The late winter flurry of snowflakes at the zoo can barely match the flurry of design and construction activity seen at the zoo this winter. Commitments made to the community are becoming reality on the ground, as new facilities open, designs for others are refined, and new projects are launched. Here's what's new at the zoo:
Designs for the new elephant habitat are nearly finished. The design team is working with zoo officials to make a few final changes before crafting construction drawings and refining the construction schedule. Construction will begin next spring and is carefully phased so that the elephants will remain at the zoo in their familiar setting while their new home is constructed, and important seasonal zoo activities won't be unduly disrupted. The new habitat will encircle the entire eastern portion of the zoo grounds. Several projects must be coordinated to make this possible. The zoo will build a perimeter road to keep big trucks, bulldozers and other heavy machinery outside of visitor areas. Then, they will build a new track for the zoo train. Next comes construction of the southern meadow portion of the habitat, including Forest Hall. The northern wooded habitat will be last. First phase construction is scheduled to begin in spring of 2013. This March, the City of Portland provided land use approval for all of these projects.
Meanwhile, designers are refining plans for the new condor habitat to be located between Trillium Creek Family Farm and Cascade Canyon near the current cougar exhibit. This project was also approved by the city. Construction will begin in autumn 2012.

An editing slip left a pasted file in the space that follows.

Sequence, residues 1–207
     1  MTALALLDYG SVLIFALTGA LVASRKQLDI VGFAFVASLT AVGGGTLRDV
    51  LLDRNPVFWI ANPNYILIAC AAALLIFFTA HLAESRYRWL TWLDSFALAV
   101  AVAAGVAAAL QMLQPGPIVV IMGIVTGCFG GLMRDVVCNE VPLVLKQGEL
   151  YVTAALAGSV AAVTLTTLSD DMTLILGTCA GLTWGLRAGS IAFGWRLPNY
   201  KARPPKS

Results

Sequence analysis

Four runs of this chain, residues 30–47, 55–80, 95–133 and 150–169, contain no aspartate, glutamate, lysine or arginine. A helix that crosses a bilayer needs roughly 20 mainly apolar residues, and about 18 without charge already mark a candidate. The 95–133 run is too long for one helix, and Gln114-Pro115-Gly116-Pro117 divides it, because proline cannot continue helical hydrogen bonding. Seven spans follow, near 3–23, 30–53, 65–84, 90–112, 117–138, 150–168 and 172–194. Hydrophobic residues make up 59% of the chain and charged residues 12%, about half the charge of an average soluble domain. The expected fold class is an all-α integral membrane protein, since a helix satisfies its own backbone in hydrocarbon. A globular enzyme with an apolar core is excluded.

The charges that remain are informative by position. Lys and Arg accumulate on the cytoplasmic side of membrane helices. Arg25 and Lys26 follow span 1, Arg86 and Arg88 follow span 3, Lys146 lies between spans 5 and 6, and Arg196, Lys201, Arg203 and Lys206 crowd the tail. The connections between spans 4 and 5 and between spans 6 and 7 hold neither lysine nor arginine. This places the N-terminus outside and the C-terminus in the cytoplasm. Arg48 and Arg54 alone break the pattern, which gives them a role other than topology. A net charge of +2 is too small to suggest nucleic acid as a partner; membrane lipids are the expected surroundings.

Last December, the new penguin water filtration system bubbled to life. The system improves water quality for the birds, saves keepers hours of upkeep and is expected to conserve millions of gallons of water each year. The project hit a small snag when keepers switched the exhibit heating and cooling system back on in preparation for reopening and discovered it wasn't working properly. The exhibit will reopen later this year when repairs are completed.
The shiny, new Veterinary Medical Center opened on Jan. 19 to rounds of applause from officials, donors and staff. Replacing a dated and worn out clinic, the new center topped the list of the zoo's priorities. Designed with animal comfort and healing in mind, the new center accommodates the needs of its wide variety of finned, feathered and furry patients. The building exemplifies the zoo's conservation ethic, with features like natural lighting, harvested rainwater, recycled construction materials and native landscaping.
All of these improvements are guided by the zoo's new 20-year master plan. In March, zoo staff worked with experts to develop a zoo-wide interpretive plan that will establish themes and appearance of much of what visitors experience and learn at the zoo. Interpretation is the guidance provided to zoo visitors to help them find their way, understand what they see and hear, and process the stories of the animals they encounter. Throughout the zoo, the information on signs, shared by keepers and presented in videos will all be guided by this important plan. Download the master plan.
Oregon requires that publicly funded construction projects invest one percent of their budget in art. In conjunction with interpretive planning, the zoo is taking hold of this exciting opportunity to integrate art into the zoo campus and consider how art enhances the visitor experience.
As a wrap up to this busy year, the Oregon Zoo Bond Citizens' Oversight Committee will present its second annual report to the Metro Council on April 5. The committee represents the voters who supported the bond measure and apprises the Council on whether bond funds are being managed appropriately and goals are being met.